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Hopefuls Want to Preserve Area's Feel

Candidates for proposed city's 5th council district are seeking to protect equestrian lifestyle, but make government more responsive to residents.

October 24, 2002|Stephanie Stassel | Times Staff Writer

For candidates in the 5th district race for the proposed San Fernando Valley city council, secession is as much about change as it is about staying the same.

Some of the seven candidates want a Valley city to bring a police substation and more officers to the northeast Valley. Others say a city government more accommodating to business is needed. Yet others focus on plans to clean up blighted areas of the district, which includes Sunland-Tujunga, Shadow Hills, Lake View Terrace, La Tuna Canyon and parts of Sylmar, Pacoima and Sun Valley.

But when it comes to the northeast Valley's distinct lifestyle, the candidates agree that things should remain just as they are.

"I want to maintain the equestrian feel," said Richard W. Kendall-Bell, whose La Tuna Canyon home is zoned for horses, although he keeps only two rattlesnakes as pets. "That's the history of the area and the people who live here want to preserve that."

Valley voters will choose 14 council members and a mayor in the Nov. 5 election. The offices will exist only if secession wins.

Kendall-Bell, 44, believes that local town councils should be allowed to spend 5% of the city's budget on neighborhood priorities, such as parks, street paving and after-school programs. He also says an independent Valley should contract with the Los Angeles Police Department and try to increase the number of officers by 25%.

"We need a smaller, more responsive city that isn't run by special-interest groups," said Kendall-Bell, who works for a company that manages and develops out-of-state mobile home parks.

If elected, Kathy Anthony said she would push for a police substation for Sunland-Tujunga, where she has lived for 45 years.

"We're in the very outskirts and for years, we've said it's like we're the forgotten stepchild," said Anthony, who worked to get Foothill Boulevard paved and to have landscaping planted along the Foothill Freeway ramps on Sunland Boulevard.

Anthony, who once ran unsuccessfully for the Los Angeles City Council, also wants to simplify the building permit process and lower business taxes.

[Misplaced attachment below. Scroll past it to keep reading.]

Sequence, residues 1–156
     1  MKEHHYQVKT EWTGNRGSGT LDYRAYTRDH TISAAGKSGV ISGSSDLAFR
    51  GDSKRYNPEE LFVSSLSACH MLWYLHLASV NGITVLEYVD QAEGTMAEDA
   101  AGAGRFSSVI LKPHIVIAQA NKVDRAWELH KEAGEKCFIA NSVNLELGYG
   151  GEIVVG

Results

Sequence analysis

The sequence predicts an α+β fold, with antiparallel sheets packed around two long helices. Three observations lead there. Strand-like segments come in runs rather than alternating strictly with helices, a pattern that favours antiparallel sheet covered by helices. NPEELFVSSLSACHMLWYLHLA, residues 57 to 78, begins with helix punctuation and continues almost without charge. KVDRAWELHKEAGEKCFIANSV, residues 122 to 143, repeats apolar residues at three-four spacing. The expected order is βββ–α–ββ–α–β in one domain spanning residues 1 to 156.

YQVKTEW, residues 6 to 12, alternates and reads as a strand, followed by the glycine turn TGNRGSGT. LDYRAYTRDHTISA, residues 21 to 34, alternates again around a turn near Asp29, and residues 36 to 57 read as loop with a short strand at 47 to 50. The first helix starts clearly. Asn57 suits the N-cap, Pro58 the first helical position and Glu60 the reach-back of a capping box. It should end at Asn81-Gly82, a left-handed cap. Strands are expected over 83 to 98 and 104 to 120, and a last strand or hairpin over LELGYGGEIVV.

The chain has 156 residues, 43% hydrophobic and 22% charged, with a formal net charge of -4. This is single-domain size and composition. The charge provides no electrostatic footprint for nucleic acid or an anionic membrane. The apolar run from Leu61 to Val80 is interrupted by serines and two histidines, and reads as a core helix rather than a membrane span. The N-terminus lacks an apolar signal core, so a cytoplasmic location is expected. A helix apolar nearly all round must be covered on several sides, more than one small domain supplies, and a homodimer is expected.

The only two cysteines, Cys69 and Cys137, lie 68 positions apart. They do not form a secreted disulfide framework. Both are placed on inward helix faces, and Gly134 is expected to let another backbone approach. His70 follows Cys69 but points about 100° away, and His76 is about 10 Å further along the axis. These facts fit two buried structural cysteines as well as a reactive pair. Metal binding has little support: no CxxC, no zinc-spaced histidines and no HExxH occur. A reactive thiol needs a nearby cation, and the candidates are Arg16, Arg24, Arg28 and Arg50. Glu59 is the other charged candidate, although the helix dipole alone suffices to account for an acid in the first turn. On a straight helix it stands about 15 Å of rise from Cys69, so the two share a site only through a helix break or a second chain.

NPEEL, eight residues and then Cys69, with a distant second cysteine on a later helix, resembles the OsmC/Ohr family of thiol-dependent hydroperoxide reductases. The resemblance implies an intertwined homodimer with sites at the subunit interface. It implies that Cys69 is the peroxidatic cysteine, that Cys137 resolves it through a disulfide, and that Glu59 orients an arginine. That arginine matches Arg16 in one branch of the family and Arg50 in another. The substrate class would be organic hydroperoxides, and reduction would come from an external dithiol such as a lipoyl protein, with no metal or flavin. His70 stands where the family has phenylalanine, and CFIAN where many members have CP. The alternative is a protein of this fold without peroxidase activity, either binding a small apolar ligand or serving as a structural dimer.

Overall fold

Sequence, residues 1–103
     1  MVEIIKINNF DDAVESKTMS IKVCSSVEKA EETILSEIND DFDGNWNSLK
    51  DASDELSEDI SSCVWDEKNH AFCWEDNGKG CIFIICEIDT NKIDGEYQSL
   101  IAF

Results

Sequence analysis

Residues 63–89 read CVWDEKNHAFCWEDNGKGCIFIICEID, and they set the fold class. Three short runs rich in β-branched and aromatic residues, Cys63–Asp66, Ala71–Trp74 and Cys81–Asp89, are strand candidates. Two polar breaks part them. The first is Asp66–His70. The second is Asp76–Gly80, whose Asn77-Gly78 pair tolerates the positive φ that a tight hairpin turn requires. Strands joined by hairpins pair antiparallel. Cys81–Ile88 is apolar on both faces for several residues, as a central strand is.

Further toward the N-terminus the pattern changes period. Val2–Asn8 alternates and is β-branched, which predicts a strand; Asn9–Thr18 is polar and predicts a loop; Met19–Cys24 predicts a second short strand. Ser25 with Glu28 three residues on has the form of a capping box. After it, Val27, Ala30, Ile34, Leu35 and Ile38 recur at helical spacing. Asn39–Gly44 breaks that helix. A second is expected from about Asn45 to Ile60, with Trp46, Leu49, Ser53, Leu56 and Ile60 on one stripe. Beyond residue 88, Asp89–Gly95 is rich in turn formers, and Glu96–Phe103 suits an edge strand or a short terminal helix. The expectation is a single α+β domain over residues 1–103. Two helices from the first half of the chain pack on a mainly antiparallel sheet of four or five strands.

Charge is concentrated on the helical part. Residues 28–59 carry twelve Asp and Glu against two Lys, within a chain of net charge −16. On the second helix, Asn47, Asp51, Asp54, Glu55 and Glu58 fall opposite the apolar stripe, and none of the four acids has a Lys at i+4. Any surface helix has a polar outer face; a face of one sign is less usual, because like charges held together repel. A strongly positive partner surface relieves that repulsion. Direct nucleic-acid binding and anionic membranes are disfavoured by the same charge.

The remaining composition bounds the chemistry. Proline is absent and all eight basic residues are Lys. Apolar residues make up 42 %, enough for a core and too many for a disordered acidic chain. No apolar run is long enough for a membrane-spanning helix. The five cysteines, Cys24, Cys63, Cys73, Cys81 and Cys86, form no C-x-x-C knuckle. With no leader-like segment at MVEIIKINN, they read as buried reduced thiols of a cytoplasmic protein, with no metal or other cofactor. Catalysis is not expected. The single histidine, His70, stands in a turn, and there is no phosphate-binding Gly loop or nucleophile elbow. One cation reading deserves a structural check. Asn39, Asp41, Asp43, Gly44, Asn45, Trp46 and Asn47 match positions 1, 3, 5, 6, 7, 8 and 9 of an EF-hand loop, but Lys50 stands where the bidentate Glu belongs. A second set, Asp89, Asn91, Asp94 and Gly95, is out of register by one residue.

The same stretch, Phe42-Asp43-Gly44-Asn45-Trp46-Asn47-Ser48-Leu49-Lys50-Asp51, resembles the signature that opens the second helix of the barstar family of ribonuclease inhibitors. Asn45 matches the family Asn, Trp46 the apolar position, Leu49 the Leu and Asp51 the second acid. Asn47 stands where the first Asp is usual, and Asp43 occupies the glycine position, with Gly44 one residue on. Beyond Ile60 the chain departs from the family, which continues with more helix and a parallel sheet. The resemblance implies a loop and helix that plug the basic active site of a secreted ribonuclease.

"I know the hardships of self-employment," said Anthony, 60, a dressmaker who runs a Halloween store and a Christmas tree lot every year. "We need to pay more attention to the businesses here and help them stay in business."

Another longtime activist, Al Dib, wants to tackle the neglected areas that are marked by graffiti and bars on the windows.

"We're not getting our fair share of services for our tax money -- I want to change that," said Dib, 68, a retired produce wholesaler who has been nominated for the Fernando Award for community service three times.

Dib, a Sylmar resident, has waged several losing campaigns for the Los Angeles City Council in the last three decades. He said he's been knocking on doors two to four hours a day since early August.

"A lot of people think I've already held public office," he quipped.

A Sunland-Tujunga native, Ken McAlpine said he wants to phase out the gross receipts tax. That would leave businesses with more money to improve Foothill Boulevard, he said.

"When you drive down Foothill Boulevard, you can tell when you enter Glendale," said McAlpine, 34, who is working on updating Disney's software system.

He said a smaller government would be more accountable: "If [secession] doesn't pass, next year we'll come back and do it again. We'll keep doing it until we secede."

Bob Bell of Shadow Hills -- he is not related to Kendall-Bell -- agrees that more must be done to attract and keep businesses in the Valley. But he said his first priority on a Valley council would be a smooth launch of the new government.

"Our No. 1 priority is to build the new city services and create management," said Bell, 43, an environmental health and safety manager who lost a 1992 bid for the state Assembly. "We'll need people at their desks with their sleeves rolled up."

Bell also favors a contract arrangement with the LAPD and the Los Angeles Fire Department.

John Blue Herget, 56, wants to preserve as much equestrian property and open space as possible in the district. Instead of suggesting his own solutions to the area's problems, Herget, who lives in Lake View Terrace, said he would turn to a wide variety of people.

"It starts with recognizing the problem, then bringing in the best possible minds and attacking it," said Herget, who works as a medic on film crews. "This goes for the disappearing of the middle class, runaway film production, closures of health clinics and the gang problem.

"I want to open up the doors to new ideas."

James J. Clancy, an attorney who has spent many years fighting pornography, said a Valley city should have its own police and fire departments. He also wants to require all municipal employees to live in the city.

In addition, the La Tuna Canyon resident hopes to overhaul city zoning.

"You can't get anything through the city without it taking a couple of years," said Clancy, 80, an unsuccessful candidate for Los Angeles city attorney in 1977. "We need to start from scratch."

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